Grim day for FIFA: 2016 Copa America involved $110m bribes; Jeffrey Webb arrested;


Assuming Prost Amerika is not the first media outlet you opened this morning, you will already be aware of the arrest of several top FIFA officials in Zurich overnight.

Zurich cantonal officials descended on the plush Baur au Lac hotel at 6am this morning as FIFA delegates gathered for the annual meeting which will elect Blatter or Bin Ali as President for the next five years.

They asked reception for room numbers and quietly proceeded to arrest the individuals there.

For the good of ourselves?

The New York Times appears to have broken the story and is providing regular updates here.

Although it was the Swiss police who made the arrests, extradition to the USA appears to be on the cards for those accused in the 47 count indictment.

US attorney General Loretta E Lynch at a Justice Department/FBI press conference today pledged that the investigation would rid international soccer’s governing body of corruption, using terms usually reserved for mafia type trials.

Per Ms Lynch, the awarding of the Copa America in 2016 to the USA involved $110m in bribes. (see 11.07 NYT live update)

“For instance, in 2016, the United States is scheduled to host the centennial edition of the Copa America – the first time that tournament will be held in cities outside South America.

“Our investigation revealed that what should be an expression of international sportsmanship was used as a vehicle in a broader scheme to line executives’ pockets with bribes totaling $110m – nearly a third of the legitimate costs of the rights to the tournaments involved.”

American fans will want to know who paid them and to whom.

US Soccer released a statement this morning:

“The United States Soccer Federation firmly believes there is no higher priority, and nothing more important, than protecting the integrity of our game. We are committed to the highest ethical standards and business practices, and we will continue to encourage CONCACAF and FIFA to promote the same values. Out of respect for the ongoing investigation, we will not speculate or comment further on this matter at this time.”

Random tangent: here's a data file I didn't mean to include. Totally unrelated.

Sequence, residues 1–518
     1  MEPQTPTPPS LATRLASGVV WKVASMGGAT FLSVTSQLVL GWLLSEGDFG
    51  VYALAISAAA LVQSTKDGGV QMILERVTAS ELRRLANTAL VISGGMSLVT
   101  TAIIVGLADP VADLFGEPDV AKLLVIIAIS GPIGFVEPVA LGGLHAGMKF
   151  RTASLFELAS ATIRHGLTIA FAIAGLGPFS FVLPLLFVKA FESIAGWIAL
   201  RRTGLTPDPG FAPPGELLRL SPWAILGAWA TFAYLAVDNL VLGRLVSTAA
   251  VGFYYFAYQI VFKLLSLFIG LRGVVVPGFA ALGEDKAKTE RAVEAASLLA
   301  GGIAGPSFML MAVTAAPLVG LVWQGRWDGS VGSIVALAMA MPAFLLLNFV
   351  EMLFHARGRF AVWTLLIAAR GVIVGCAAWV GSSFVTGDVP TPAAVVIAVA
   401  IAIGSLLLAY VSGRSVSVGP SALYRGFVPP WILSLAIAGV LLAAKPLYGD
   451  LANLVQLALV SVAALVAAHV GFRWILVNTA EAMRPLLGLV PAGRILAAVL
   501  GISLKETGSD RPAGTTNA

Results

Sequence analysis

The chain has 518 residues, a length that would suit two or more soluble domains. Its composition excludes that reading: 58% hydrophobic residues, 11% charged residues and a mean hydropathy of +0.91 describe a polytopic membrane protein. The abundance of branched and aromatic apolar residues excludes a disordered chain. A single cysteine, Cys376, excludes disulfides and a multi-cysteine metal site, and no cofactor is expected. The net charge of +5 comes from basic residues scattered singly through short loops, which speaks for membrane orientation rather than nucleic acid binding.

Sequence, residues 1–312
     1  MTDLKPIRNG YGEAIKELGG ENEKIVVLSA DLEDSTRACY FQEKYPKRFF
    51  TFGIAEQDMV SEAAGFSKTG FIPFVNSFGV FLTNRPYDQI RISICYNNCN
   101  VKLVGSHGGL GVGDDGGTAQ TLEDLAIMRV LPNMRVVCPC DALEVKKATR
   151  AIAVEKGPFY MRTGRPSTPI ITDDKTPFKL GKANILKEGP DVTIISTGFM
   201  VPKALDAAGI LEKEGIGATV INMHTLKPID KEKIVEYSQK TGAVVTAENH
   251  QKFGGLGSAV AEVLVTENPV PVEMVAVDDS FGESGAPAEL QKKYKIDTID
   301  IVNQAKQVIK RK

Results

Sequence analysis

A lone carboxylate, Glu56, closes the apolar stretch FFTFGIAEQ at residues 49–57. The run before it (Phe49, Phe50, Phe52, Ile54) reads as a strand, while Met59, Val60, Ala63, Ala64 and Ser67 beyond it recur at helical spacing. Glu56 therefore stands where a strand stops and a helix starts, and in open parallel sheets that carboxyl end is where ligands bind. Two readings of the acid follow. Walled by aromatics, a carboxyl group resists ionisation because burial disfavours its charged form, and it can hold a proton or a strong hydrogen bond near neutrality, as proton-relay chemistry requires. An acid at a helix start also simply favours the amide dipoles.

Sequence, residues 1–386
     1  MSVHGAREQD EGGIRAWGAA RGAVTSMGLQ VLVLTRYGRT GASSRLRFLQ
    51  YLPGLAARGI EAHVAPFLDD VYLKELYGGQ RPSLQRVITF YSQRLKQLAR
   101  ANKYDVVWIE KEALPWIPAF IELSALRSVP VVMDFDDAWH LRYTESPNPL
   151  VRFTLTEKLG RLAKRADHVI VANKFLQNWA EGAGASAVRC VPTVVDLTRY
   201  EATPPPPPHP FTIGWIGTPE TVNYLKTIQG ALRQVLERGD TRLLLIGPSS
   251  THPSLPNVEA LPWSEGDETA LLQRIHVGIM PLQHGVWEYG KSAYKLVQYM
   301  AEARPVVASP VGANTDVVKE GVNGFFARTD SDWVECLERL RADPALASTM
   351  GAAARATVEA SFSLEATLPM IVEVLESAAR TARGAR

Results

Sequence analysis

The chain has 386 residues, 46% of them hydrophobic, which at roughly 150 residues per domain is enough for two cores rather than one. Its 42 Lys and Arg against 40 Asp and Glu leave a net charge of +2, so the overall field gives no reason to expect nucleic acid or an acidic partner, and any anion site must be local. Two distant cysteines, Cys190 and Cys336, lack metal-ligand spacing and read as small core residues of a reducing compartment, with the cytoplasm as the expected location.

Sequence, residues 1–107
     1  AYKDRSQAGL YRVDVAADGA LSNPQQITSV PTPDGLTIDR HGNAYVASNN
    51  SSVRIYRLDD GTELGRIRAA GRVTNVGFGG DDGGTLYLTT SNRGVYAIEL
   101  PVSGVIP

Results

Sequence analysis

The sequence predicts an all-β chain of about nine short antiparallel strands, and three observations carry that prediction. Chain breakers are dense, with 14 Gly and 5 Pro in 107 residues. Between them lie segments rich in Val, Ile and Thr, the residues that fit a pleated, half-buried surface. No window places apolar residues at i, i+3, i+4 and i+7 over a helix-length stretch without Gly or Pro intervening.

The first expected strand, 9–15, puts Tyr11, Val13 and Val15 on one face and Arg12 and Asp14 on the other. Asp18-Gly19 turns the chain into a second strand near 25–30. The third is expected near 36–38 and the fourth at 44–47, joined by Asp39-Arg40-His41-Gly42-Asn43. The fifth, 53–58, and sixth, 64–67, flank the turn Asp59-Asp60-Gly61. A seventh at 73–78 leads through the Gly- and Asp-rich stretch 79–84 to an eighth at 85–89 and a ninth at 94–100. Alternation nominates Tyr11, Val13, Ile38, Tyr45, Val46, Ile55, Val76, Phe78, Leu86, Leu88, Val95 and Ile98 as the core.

12 schemes were involved in the indictment, nine to do with soccer marketing. Two corporations, both affiliates of the Traffic group have already pleaded guilty. They are accused of paying bribes for the marketing rights to the 2013 Gold Cup.

Four officials have also pleaded guilty, one of whom is Chuck Blazer former general-secretary of CONCACAF. Blazer had been helping the FBI with its inquiries for some time now.

The use of US banks to wire the money stands as the legal foundation for applying US racketeering law. That this has happened just two days before the election of the FIFA President where Blatter will seek a fifth consecutive term cannot be a coincidence.

FIFA vice-president and President of CONCACAF Jeffrey Webb was among those arrested.

It seems unlikely that he will be able to continue in that role. Others arrested were Eugenio Figueredo, Jack Warner, Eduardo Li, Julio Rocha, Costas Takkas, Rafael Esquivel, José Maria Marin and Nicolás Leoz.

CONCACAF President Jeffrey Webb

CONCACAF President Jeffrey Webb

Despite the enormous ramifications of today’s arrests,  the two matters that fans globally despair about most seem to have escaped this morning’s dragnet.

Firstly, the award of the World Cup hosting rights to Russia (2018) and Qatar (2022) are not covered by any of the indictments. Secondly, Sepp Blatter was not one of those arrested.

FIFA sent out the man with the worst job on the planet today, its Communications Officer Walter de Gregorio to face the media. He denied Blatter was involved. He also said FIFA would not reopen the Qatar or Russia bids although the Swiss government insists it is still investigating the process which saw them selected.

“The Office of the Attorney General of Switzerland (OAG) has opened criminal proceedings against persons unknown on suspicion of criminal mismanagement and of money laundering in connection with the allocation of the 2018 and 2022 Football World Cups.”

With so many officials already providing evidence and the likelihood that more will to save their own skins, it is hard to see the nations who lost out on those bids not making a challenge once sufficient evidence of impropriety emerges.

For now the hopes of world football rest with the American Justice Department and the Swiss OAG, and perhaps most of all that the rats will turn on themselves to save their own skins.


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